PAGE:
Life Itself

Life Itself photo starrating-4stars.jpgMy introduction to Roger Ebert (and to film criticism in general) began at a very young age. I used to watch Sneak Previews on channel 9 which was the public television station in the San Francisco Bay area. He, a writer with the Chicago Sun-Times, would co-host along with Gene Siskel of the Chicago Tribune. As far as I was concerned you couldn’t mention one without the other. They critiqued enough movies that kids could enjoy to maintain my interest. However most were pictures I was either too young for or had no interest in seeing at that age. It was my dad who initially watched the show and he like me enjoyed the back and forth when they would disagree, even more than the actual review. They spoke intelligently about movies but at a level where I could still understand.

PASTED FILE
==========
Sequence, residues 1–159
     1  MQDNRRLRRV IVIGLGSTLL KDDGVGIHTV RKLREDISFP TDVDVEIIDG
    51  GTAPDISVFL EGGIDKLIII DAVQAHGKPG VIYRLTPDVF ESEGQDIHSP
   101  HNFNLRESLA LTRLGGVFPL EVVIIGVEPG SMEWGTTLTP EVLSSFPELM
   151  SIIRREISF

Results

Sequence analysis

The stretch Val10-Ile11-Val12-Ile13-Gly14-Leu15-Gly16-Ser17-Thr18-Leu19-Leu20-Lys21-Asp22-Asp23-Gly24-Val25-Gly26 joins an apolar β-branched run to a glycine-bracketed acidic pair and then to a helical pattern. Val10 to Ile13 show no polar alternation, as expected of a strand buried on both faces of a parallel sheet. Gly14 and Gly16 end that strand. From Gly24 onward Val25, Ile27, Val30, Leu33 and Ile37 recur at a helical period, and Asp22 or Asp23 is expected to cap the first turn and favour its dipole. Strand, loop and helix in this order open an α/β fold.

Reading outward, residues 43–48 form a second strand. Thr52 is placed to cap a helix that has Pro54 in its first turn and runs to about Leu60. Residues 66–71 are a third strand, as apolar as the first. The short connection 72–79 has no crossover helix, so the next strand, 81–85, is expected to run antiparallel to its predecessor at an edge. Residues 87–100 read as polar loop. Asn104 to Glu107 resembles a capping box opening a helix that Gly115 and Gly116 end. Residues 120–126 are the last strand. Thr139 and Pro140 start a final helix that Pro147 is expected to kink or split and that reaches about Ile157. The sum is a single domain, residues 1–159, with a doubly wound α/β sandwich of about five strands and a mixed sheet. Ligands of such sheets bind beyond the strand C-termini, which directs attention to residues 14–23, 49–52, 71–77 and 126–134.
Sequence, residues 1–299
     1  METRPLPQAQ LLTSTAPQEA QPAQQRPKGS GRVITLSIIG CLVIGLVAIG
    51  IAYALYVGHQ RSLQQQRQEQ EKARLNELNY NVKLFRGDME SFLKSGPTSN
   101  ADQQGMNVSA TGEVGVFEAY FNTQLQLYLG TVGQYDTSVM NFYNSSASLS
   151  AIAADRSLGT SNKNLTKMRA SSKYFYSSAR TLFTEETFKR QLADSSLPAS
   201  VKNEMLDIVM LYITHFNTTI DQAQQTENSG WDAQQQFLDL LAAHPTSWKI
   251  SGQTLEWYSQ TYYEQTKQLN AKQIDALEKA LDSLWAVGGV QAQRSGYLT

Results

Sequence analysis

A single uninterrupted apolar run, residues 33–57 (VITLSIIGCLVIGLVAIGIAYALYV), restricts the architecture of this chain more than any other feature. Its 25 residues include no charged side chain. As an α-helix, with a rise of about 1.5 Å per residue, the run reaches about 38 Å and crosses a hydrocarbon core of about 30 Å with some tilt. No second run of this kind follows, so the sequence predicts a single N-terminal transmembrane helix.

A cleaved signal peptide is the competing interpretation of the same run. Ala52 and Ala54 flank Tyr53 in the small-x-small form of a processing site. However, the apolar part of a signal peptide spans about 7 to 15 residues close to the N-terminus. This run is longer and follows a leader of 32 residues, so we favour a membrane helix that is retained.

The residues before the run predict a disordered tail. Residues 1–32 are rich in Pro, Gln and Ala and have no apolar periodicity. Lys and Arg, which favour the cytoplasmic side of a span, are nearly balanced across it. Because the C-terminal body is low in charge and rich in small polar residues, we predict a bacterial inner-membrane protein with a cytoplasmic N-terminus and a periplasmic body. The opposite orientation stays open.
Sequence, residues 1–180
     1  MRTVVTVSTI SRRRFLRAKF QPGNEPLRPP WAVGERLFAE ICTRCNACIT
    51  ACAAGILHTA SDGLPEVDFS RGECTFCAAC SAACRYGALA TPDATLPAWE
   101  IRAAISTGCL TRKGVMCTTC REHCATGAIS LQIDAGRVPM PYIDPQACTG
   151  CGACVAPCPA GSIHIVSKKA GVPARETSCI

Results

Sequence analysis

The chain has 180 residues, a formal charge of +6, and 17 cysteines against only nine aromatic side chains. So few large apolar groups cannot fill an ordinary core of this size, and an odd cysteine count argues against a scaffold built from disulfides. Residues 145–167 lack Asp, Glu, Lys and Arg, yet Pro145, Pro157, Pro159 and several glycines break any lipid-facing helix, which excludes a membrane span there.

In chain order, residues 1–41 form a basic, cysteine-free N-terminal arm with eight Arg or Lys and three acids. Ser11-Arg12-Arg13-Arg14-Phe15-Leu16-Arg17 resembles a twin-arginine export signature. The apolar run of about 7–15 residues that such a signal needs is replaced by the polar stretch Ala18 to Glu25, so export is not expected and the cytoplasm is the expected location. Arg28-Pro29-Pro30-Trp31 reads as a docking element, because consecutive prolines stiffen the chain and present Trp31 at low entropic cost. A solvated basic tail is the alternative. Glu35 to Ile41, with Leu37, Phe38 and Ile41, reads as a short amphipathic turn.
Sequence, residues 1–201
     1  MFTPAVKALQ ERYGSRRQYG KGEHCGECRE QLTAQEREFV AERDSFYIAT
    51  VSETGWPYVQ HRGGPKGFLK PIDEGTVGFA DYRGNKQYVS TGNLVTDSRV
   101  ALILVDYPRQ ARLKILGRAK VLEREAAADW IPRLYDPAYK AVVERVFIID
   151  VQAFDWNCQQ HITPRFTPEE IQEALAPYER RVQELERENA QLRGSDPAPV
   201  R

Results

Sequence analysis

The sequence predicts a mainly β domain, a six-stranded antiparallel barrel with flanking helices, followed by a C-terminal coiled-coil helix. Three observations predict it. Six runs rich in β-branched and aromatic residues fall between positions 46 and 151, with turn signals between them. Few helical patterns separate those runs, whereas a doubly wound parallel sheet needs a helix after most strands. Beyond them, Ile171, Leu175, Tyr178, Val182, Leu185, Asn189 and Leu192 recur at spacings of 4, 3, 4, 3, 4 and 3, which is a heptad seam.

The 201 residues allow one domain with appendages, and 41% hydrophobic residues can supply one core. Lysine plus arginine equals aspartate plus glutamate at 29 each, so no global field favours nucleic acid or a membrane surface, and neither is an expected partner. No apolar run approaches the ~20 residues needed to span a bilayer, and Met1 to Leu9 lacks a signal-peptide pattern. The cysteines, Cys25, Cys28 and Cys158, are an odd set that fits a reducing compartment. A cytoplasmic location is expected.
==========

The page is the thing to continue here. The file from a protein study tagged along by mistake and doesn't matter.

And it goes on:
Life Itself is based on Roger Ebert’s memoir of the same name. It’s presented somewhat in chronological order but not always. Sections of his life that pertain to the Siskel & Ebert stuff or his wife Chaz have a constant presence. We’re reminded of what chapter is being addressed in the lower left hand comer. The numbers jump around as the document picks and chooses vignettes that seem most relevant to tell a story. As it charts his career, it touches upon the high points of his days at the University of Illinois as an influential reporter for the Daily Illini on through his job as critic for the Chicago Sun-Times. His rivalry with fellow Chicagoan Gene Siskel, their eventual show and the lasting impact that it had, are important milestones.